San Tan Pit receives permit renewal
By Candace S. Hughes
Special to The San Tan Monthly
A Gilbert resident who is building a home near the San Tan gravel pit is complaining that he was not notified of a hearing in which the pit’s air quality permit was tentatively renewed April 17.
During a 3 p.m. hearing in the cafeteria of Walker Butte Elementary School Don Gabrielson and other Pinal County staff agreed to renew the pit’s permit for five years. No members of the public were present and no officials of Pioneer Landscaping appeared to discuss the application.
“I’m very disappointed I was never contacted by the county,” said Kevin Okuszka, a Gilbert resident who is building a home in the El Pedregal development west of the pit. The San Tan Gravel Pit is at 26401 N. Gary Road and has operated in the area since 1996.
Pioneer Landscaping took over the operation from San Tan Mining Co. in 2001 and still runs the operation. Debbie Ellsworth of Pioneer Landscaping was notified of the hearing, said Anu Jain, a Pinal County air quality permit engineer, but she did not attend.
Okuszka and his father-in-law, Al Wood, were the only citizens to file written comments regarding the company’s application to renew its permit. Wood, who lives in Michigan, is planning to build a home on land he owns near Gary and Silver Bell roads and move to the area.
“I had my telephone number on the letter and I was expecting a telephone call,” said Okuszka, who will move to the area with his wife and three children when their house is completed at the end of the year.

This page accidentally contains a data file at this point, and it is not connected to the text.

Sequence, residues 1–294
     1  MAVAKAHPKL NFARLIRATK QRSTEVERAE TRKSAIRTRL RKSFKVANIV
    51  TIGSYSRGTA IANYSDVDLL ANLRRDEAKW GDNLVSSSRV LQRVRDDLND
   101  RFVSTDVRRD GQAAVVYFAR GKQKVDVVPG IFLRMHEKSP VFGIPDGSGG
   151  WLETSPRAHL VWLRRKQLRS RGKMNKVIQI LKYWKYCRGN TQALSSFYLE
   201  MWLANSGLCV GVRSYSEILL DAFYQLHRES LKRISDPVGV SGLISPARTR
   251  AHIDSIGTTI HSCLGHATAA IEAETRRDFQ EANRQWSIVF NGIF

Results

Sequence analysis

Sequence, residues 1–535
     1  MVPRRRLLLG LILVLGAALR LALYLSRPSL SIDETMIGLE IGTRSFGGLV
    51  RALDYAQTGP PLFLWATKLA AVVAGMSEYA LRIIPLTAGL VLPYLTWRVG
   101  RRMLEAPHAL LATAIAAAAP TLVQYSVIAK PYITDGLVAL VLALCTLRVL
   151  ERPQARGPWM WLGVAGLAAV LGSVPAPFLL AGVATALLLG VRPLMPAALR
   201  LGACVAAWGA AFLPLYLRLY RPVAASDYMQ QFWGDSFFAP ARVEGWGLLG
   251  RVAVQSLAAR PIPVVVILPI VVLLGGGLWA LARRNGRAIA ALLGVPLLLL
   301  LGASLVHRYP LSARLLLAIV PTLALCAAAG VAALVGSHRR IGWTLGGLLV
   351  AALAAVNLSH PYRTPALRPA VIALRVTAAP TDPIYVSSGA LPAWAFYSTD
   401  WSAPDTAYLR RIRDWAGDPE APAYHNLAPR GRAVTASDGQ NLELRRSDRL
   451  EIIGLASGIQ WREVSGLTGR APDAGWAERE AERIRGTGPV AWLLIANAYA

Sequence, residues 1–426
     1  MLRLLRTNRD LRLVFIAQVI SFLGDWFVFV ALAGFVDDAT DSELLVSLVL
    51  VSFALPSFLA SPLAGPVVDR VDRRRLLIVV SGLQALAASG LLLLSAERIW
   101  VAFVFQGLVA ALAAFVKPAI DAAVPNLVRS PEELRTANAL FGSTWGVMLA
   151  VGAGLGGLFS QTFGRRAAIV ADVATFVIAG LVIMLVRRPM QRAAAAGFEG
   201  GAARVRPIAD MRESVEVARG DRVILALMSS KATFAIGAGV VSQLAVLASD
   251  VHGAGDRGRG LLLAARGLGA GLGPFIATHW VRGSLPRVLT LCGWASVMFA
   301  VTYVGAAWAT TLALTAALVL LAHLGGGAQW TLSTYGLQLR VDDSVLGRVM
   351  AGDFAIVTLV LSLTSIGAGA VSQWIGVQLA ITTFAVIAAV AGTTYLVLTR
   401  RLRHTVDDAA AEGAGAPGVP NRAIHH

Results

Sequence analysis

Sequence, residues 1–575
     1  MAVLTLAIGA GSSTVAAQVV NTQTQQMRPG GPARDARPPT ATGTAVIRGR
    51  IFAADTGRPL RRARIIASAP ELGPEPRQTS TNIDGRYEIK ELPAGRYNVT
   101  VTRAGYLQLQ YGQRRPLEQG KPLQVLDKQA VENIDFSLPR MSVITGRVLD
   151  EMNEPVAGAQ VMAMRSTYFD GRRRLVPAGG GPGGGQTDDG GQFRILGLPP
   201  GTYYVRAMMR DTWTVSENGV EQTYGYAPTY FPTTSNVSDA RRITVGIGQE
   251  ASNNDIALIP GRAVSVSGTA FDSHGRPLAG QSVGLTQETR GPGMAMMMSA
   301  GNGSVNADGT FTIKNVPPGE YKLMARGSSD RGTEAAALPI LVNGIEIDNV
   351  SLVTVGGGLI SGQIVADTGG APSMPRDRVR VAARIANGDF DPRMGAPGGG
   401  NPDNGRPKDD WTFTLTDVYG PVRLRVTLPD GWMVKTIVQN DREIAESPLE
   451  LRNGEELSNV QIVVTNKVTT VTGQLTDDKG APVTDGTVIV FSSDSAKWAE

“The public hearing notice is always published in the newspaper and I am guessing it was the Florence Reminder (March 16),” said Jain. In addition the hearing notice was published in The Apache Junction News March 23, according to affidavits of publication from the two newspapers.
“I’m not sure if the complainants were provided with a copy of the public hearing notice or not. It also is posted at different sites within the Pinal County Complex,” she added.
Okuszka said he was aware of the pit when he bought the land 18 months ago and that the gravel mining operation is visible from the back of his lot, but that he had been told the pit would close in several years.
“The gravel pit itself does not regularly water or control its own dust on its premises that it generates and the dirt, dust that pollutes the air is a constant problem,” Okuszka said in his Feb. 25 letter to the Pinal County Air Quality District requesting a hearing on the permit renewal.
“I am asking for a public hearing for a chance for the families and myself to be heard, to voice their disapproval of this gravel pit and to put a final date on when this gravel pit will be closed,” he said in the letter.
Sharon Okuszka said, “It sounds like they didn’t want to inform anyone. We paid an overnight freight charge to get the comments to them and we have not had one response. We were never informed of the hearing.”
In renewing the permit, Gabrielson, director of the Pinal County Department of Health and Human Services, said he is requiring that Pioneer keep records of spraying during operations.
Gabrielson said that Pinal County only has enough inspectors to take a look at the 40 gravel pits in the county about once every two years. Inspectors will respond if a complaint is made, Gabrielson added.
Okuszka also said he was concerned about the amount of dust created by trucks driving on the dirt road, but the air quality permit is limited to the amount of particulates created by the gravel mining operation.